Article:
Before Chabot joined the staff of the CAI, it was nearly impossible for the organization's workers to talk to the women of those countries about what they believed their villages needed.
Social mores in the rural, conservative Muslim areas in which the Bozeman-based Institute works dictate that men and women should not speak to one another, and the CAI had no female field staff. But because the CAI emphasizes grassroots work and community empowerment, communicating with both men and women in these rural communities was essential.
So when Chabot, now 29, met Central Asia Institute founder Greg Mortenson about a year-and-a-half ago, it quickly became clear that Chabot could be a valuable asset to the organization. Chabot's background in education gave her the academic credentials for the work, and her experiences working as a science teacher with Bozeman's Traveling School provided her with insights into other cultures and demonstrated her ease with foreign travel. Mortenson invited her to visit some of the schools in Pakistan that the Central Asia Institute had built.
Chabot did so, and she said everything quickly fell into place after that.
"Everything I have done in my life, everything came together and smacked me in the face when I met Greg and went over to Pakistan," said Chabot, who then accepted a job as CAI's International Program Manager. "I felt like I have been training for it. It all came perfectly together."
The Central Asia Institute's mission is to promote and support community-based education, especially for girls, in remote regions of Pakistan and Afghanistan. Since its inception in 1996, the non-profit has built nearly 75 schools that have educated more than 25,000 students in those countries. In addition to building schools, the CAI also provides ongoing teacher training programs and student scholarships, establishes libraries and provides temporary education in regions where natural disasters or crises have occurred.
That mission has meshed well with Chabot's background as an educator.
Chabot came to Bozeman in 1997 to earn her undergraduate degree in elementary education, then went on to earn a master's in science education at MSU. Now, she is working on her doctorate in curriculum and instruction through MSU's Center for Learning and Teaching in the West. During graduate school, she studied abroad for two separate years, in South America and Africa. Her areas of interest, she said, have long been tied to the sorts of work the CAI performs.
"I'm kind of a rural, indigenous population worker," she said.
And in rural Pakistan and Afghanistan, Chabot said, the need for education is great.
"There have never been schools in some of these areas before," she said.
The process is lengthy, though. The institute works not only to spend the time and resources to empower local teachers, but also to spend time with people in each community to see what its members actually need and desire.
At first, Chabot said, she wanted to simply do more.
"(Mortenson) wanted me to start focusing on the quality of education, and I wanted to get stuff done. But I found I needed to slow down. They need an expert in the field of education to discuss what these communities really need. My primary job for the next two years will be to sit down with these women and ask them what they need. My job is to build relationships."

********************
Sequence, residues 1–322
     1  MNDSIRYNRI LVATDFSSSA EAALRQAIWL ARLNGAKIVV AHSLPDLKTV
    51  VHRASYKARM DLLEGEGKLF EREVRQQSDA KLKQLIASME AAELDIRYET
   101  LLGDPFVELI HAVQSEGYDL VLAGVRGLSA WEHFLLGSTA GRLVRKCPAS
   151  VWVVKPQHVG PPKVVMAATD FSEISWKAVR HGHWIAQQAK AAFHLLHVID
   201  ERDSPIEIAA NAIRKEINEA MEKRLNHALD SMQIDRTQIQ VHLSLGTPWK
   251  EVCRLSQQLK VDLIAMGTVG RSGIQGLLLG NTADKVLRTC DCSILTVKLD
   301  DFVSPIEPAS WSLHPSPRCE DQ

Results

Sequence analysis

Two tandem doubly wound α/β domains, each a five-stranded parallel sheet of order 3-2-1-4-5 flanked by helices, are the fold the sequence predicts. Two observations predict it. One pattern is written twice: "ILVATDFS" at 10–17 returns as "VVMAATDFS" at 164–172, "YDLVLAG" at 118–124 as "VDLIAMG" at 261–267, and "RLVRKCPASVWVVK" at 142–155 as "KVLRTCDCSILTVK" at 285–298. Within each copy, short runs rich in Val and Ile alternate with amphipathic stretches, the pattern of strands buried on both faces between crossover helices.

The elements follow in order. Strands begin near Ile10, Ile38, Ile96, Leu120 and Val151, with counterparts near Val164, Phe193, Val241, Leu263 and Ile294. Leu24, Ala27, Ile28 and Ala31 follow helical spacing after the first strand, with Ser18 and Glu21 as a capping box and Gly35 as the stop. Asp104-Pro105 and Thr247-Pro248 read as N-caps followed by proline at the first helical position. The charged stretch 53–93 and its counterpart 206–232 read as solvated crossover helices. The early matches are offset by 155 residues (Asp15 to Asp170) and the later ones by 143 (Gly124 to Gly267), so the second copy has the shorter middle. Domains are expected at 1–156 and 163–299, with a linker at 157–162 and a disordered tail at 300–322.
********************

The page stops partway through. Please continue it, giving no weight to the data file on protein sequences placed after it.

Chabot has traveled to Pakistan and Afghanistan six times in the past year, and her visits last anywhere from three weeks to three months.
Though it was initially tough for Chabot to put aside some of her immediate goals -- "we're so used to doing things here in the U.S.," Chabot said -- she's come to believe in the process.
"I'm embracing (this process) because it's working," she said. "I'm hearing from (the women) what they need."
Another female staff member may soon join the staff of the Central Asia Institute in Pakistan, bringing with her an even closer perspective on life in the region.
Fozia Naseer, 26, arrived in Bozeman in time for the start of the fall semester at MSU, where she will be taking classes this year.
She's the first woman from her village in Pakistan-controlled Kashmir to visit the United States, and getting here was no easy feat.
Chabot and her husband, Doug Chabot, had to first convince Naseer's uncle, Raja Ilyas Khan, who is the head of her household, that Naseer should be allowed to go to the U.S.
"He was just so concerned about my safety," Naseer explained.
Just six weeks before school started, Khan agreed that Naseer could study at MSU.
And though Bozeman is decidedly not Pattika Balseri, Naseer's village in Kashmir, Naseer said she is feeling comfortable in the university town.
"Everyone is so friendly here, and the mountains are beautiful," she said.
In addition to financial support from the CAI, MSU offered Naseer a full scholarship for the year, and she's taking courses this semester in international communications and English composition, as well as being tutored in using computers.
Chabot expects that the investment MSU and the Central Asia Institute is making in Naseer will pay dividends when she returns home.
"When I met Fozia, I learned her story," Chabot said. "I saw this incredibly strong young woman. I saw that if we gave her support, she would take it forward."
Naseer, who has already earned degrees in law, political science, and education, could become a natural leader in her community, Chabot said.
"She's probably one of the most educated, highly driven women in her region," Chabot said. "It would be amazing what she could do."
Like Naseer, when Chabot is finished with her degree at MSU - she's currently writing her dissertation -- she plans to focus on the work of the CAI full-time.
"I've enjoyed being a woman there (in Pakistan and Afghanistan)," she said. "It's needed. I'm helping to empower the women of those countries."